Paclitaxel is a chemotherapeutic drug being tested in mesothelioma patients. Researchers have proved it to be safe and effective against some cancers, and the Food and Drug Administration (FDA) approved the drug for use against breast cancer, non-small cell lung cancer and ovarian cancer. Paclitaxel may be referred to as Taxol, its brand-name equivalent manufactured by Bristol-Myers Squibb.
Despite the drug’s success in treating some cancers, past clinical trials in mesothelioma patients have had less than ideal outcomes, with most patients experiencing no benefits. Doctors believe this chemotherapy agent, like cisplatin and carboplatin, will work best when combined with other treatments such as surgery, radiation therapy and other chemotherapy drugs. Because of this, more recent mesothelioma trials have focused on this combination treatment, called multimodal therapy, and hope to see positive results in the future.
This promising drug dates back to the late 1960s, when it was discovered in the bark of the Pacific yew tree. Its potential as an anti-cancer agent was immediately recognized, but its natural scarcity made it difficult to market. More than 20 years later, researchers were finally able to synthetically produce it. That same year, Bristol-Myers Squibb began marketing Taxol.
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A doctor or nurse may inject paclitaxel into a vein or give it via a three-hour intravenous drip. Both treatments are administered once every three weeks.
For mesothelioma, this drug may be used in conjunction with other chemotherapy drugs such as cisplatin or carboplatin. In these cases, the patient usually receives both chemotherapy drugs intravenously on the same day.
Paclitaxel is known as an antimicrotubule agent. Once inside the body, it binds to proteins in microtubules, which are necessary for cell division, and blocks their functions.
This forces the cells to stop dividing, which eventually kills them. Since mesothelioma cancer cells rapidly divide and spread, their microtubules are a logical target.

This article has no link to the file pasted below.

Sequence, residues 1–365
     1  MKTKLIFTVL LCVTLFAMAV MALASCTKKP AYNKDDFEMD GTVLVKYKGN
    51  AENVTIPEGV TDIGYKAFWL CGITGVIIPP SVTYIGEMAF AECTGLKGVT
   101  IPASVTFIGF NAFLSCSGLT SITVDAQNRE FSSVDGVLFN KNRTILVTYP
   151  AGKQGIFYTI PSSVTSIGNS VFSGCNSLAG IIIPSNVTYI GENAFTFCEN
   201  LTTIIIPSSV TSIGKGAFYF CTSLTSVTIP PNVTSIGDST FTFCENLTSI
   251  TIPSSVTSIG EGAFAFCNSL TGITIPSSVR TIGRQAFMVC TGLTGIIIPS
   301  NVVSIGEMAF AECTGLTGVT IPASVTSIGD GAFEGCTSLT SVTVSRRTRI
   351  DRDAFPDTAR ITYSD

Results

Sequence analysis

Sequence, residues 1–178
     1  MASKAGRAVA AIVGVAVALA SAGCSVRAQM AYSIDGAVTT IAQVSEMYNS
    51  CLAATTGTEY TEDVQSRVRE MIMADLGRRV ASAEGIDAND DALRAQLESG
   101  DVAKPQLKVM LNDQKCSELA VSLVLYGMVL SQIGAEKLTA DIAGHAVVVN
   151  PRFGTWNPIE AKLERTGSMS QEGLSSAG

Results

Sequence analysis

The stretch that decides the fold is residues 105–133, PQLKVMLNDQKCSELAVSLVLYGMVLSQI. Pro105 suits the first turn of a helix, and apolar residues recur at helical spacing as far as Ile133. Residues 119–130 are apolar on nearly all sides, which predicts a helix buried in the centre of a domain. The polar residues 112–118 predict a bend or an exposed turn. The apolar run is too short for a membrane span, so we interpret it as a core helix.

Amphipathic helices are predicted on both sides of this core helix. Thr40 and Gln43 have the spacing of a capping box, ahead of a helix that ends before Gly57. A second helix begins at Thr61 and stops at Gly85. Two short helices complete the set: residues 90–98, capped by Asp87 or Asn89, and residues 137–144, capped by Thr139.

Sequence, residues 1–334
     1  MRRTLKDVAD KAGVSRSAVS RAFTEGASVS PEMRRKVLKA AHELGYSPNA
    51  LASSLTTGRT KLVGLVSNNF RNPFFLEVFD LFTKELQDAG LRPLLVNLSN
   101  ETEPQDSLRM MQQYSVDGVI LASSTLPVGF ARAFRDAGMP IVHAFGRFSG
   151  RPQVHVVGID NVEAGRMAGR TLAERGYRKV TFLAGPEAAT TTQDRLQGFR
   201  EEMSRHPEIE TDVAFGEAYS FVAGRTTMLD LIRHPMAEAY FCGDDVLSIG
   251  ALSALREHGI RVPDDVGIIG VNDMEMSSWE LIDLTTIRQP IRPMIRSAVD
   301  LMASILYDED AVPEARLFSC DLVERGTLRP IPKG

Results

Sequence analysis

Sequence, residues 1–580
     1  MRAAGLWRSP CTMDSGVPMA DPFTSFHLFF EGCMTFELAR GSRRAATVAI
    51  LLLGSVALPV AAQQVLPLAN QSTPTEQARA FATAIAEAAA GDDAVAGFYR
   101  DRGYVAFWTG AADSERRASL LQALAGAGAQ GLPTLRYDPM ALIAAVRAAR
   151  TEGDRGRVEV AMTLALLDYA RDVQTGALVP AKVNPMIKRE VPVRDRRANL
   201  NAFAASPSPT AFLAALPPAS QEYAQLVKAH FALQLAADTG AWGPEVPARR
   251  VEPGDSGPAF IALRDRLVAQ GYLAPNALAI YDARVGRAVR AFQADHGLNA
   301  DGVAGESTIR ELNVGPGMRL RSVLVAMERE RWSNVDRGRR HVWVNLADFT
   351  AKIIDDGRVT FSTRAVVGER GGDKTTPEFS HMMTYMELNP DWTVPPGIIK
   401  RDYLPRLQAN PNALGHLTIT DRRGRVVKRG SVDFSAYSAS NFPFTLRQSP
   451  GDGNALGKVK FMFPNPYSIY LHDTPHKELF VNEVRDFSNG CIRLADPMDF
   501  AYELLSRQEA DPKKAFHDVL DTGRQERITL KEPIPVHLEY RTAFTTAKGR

Like any chemotherapy agent, paclitaxel may damage healthy cells in addition to cancer cells. This can result in side effects such as nausea, hair loss, mouth sores and fatigue. Rare, but dangerous side effects include numbness in the extremities, excessive fatigue, chest pain or slowed heartbeat.
Based on its success in treating patients with other types of cancer, doctors believe paclitaxel will eventually have a practical use in mesothelioma patients as well. However, its efficacy in treating mesothelioma remains questionable. Early studies in the late 1990s showed no improvements in life span.
The trials in the '90s tested the drug as a single agent, meaning no other cancer treatments were given during the clinical trials. These tests showed no improvements. A 1996 study reported a median survival time of nine months, and a similar 1999 study reported a median survival of five months.
Despite less-than-hopeful clinical trial results in the past, doctors are still optimistic about the future role of paclitaxel in the treatment of mesothelioma. They continue to study the drug to find new ways of using it to treat mesothelioma patients. For example, a recent Phase II study, for which results are not yet available, focused on administering the drug in combination with surgery and heated chemotherapy.
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